The Gift CNN iReport
It is no secret to those who know me that I have a passion for words; the spoken ones, the ones that are sometimes yelled with colorful expletives and especially…most importantly, the written ones. As a senior manager, I am expected to communicate effectively and I take that responsibility very seriously, sometimes to a fault. My emails are unusually very long and descriptive. This is who I am and have been in one form or another for most of my adult life. It has not always been that way and I can remember being voted most likely to skip English class in high school. Not really, but I cannot recall having read a single book before I was twenty years old and my disdain for it in my last two years of High School nearly cost me my diploma. Had it not been for a determined English teacher, this might have actually been the case. I can recall a conversation that she and I had late in the year where she took me outside of the classroom and out onto the front steps of the school. I will never know if she did that for dramatic effect, but right from the beginning she had my attention and I knew she was going to tell me something I did not want to hear. I had failed the first semester, failed all but one grading period of the second semester and was on the verge of failing the final grading period of the year. My grades were a product of either not attending class or not doing my reading assignments and subsequently not being able to pass the tests. I don’t remember all of the words that were spoken in that conversation but I do recall her telling me that she actually felt as though I had squandered a gift. I think I heard things like that all of the time from my parents so I would normally tune it out, but this time I was listening and she had a deal for me that day that I was not in a position to refuse. I was already in the Army’s delayed entry program and she made it very clear that if I was going to go into the Army after High School like I had planned, I was going to need that diploma, which meant that I had to pass my final exam with an above average score. Considering that I had technically failed the first semester of English, she really went out on a thin limb to help me. This is where I made my first connection between effort and reward.
In hindsight, if I had only given her half of the effort that she was asking for during the year, which was not much compared to what I was truly capable of, I would have breezed through that class. I was not a bad student, just a bad example of a good one. So hindsight being what it is, and knowing how badly she wanted me and all of the rest of her students to succeed, I see it now as having failed her as much as myself.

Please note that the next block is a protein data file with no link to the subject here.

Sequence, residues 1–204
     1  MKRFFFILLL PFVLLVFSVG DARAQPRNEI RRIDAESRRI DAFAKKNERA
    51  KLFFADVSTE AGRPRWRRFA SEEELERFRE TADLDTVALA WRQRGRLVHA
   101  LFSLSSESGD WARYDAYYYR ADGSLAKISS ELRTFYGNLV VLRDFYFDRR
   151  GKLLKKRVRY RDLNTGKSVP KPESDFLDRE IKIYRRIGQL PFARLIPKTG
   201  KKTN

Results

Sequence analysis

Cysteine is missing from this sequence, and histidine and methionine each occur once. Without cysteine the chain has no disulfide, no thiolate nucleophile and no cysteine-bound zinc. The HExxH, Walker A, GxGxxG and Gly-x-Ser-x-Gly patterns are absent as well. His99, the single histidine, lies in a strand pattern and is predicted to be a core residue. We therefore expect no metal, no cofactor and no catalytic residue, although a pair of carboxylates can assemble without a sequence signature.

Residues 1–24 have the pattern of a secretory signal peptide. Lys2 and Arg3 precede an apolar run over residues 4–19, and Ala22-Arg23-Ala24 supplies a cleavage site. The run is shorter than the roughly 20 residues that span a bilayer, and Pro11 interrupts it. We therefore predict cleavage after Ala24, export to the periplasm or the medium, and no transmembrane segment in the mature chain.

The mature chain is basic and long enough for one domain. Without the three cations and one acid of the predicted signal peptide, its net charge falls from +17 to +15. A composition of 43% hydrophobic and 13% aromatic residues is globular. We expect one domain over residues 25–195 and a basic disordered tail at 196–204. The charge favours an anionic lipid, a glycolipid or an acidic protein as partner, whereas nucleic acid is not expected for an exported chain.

Late in my second term in the Army while deployed to Desert Storm, I sent a letter to my parents from the battlefield describing what I experienced during the initial ground assault into Iraq. That letter somehow ended up on the front page of the Living section in the Pensacola News Journal with a horrible picture of me in my Class A uniform. It probably did not hurt that my sister worked there, but well written or not, it was an interesting read for a fresh generation of patriotic Americans that were years removed from past wars. For the first time though, I really put a lot of thought into describing my experience based on the emotions that it involved and what occurred to me was that, in a sense, my teacher was right. With every book I brushed aside and every assignment I failed to read, I had lost a valuable opportunity to experience the writers triumphs and failures, their joy and their pain. I missed many adventures of mystery and suspense. I missed perspective and with it, opinion and debate. I could not accept, from that moment on, a life without any of those things. A writer’s words are a gift to the reader, given selflessly, vulnerably and candidly with emotion and deep passion. As a reader I have learned to honor that gift and as a writer I have that same driving addictive desire to give it.
Eventually I married and started a family. Life happened and my opportunities to share my gift became few and very far between. I would later resurrect my desire to write in a more creative way and I have since become the most prolific thirty page novelist on the planet. As frustrating as that can be to an amateur, it is far better than losing the passion for writing all together. Today, I continue to write though my blogs, short fiction and poetry, knowing that of all the things I love to do with my time, reading and writing are at the top of the list.
Despite my early unwillingness to accept what my English teacher genuinely wanted for me, I made an A on the final, began my career in the Army and eventually embraced my love of words vowing, rather insistently, to honor her commitment by making one of my own, and so I write. As with all of the things that make me who I am, a soldier, teacher, counselor, advisor, brother, father, son and friend, being a writer is not something I simply aspire to be, it is exactly who I am. I am not a particularly good one and I do not expect to be on a Best Seller list anytime soon, but I still have the gift and an insatiable desire to share it. My only regret is that I had not accepted it myself all those years ago. Better late than never.
Thanks Mrs. Venotozzi.